But we have now see movement toward integration across and through the curriculum. Instead of working in sequence only, chiropractic programs are beginning to be both vertically and horizontally integrated. Horizontal integration is integration between parallel disciplines, such as anatomy and physiology, or diagnosis and chiropractic adjusting. An example would be a course in the gastrointestinal system, in which the student learns not just the anatomy of the GI system, but its concomitant physiology and biochemistry. This course is taught not just by a single PHD anatomist, but multiple teachers from several disciplines. Vertical integration occurs when there is integration between disciplines traditionally taught in different phases of the curriculum; thus, courses early in the curriculum are integrated with courses that occur much later in the program. Here, you might see students placed into small groups for the purpose of focusing on patients with chronic disease, and over the course of a 2-year period they would apply the knowledge they learn from their coursework to the understanding of the problems facing those chronic patients. Finally, it is common for programs to incorporate elements of both vertical and horizontal integration.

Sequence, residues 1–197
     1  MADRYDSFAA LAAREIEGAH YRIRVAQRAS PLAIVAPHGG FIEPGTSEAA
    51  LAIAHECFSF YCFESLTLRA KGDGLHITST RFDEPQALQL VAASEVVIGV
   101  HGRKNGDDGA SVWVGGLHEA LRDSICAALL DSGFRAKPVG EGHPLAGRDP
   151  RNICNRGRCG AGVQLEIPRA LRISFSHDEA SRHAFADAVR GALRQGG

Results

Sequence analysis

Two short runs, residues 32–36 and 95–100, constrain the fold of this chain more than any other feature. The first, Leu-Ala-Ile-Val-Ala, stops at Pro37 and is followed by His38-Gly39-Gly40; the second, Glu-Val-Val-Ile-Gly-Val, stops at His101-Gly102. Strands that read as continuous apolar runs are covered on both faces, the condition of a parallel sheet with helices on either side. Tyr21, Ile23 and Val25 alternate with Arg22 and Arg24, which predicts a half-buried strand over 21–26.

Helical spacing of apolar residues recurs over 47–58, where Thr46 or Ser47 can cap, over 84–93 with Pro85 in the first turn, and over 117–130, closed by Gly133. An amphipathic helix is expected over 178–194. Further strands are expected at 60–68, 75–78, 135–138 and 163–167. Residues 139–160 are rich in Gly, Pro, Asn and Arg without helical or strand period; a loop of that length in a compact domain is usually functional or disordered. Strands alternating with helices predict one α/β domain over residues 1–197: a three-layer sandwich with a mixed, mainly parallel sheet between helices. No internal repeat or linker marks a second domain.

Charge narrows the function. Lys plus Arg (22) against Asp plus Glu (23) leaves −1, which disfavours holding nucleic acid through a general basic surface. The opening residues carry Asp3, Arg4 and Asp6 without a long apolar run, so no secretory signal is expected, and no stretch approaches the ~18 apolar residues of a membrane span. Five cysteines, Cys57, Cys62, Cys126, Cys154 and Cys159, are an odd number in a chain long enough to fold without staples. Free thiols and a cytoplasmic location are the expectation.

Harden notes several reasons to use integration in curriculum planning and development. (1) It helps reduce the typical fragmentation of medical or chiropractic courses. It provides a better sense of the unity of information involved in health care education. (2) It can help motivate students and shape their attitude. Integration prevents students from feeling that they are becoming anatomists or physiologists, that the basic sciences are something to get through. They begin to see the relevance of these disciplines to the general practice of chiropractic. (3) It can help improve the educational effectiveness of teaching. They learn better, integrate information better, and therefore forget far less than would occur in a strict discipline-based approach. (4) It fosters higher level objectives. There is less emphasis on recall, more on integration of knowledge. (5) It promotes faculty communication and collaboration. Faculty members from different disciplines are brought together and work together to provide training.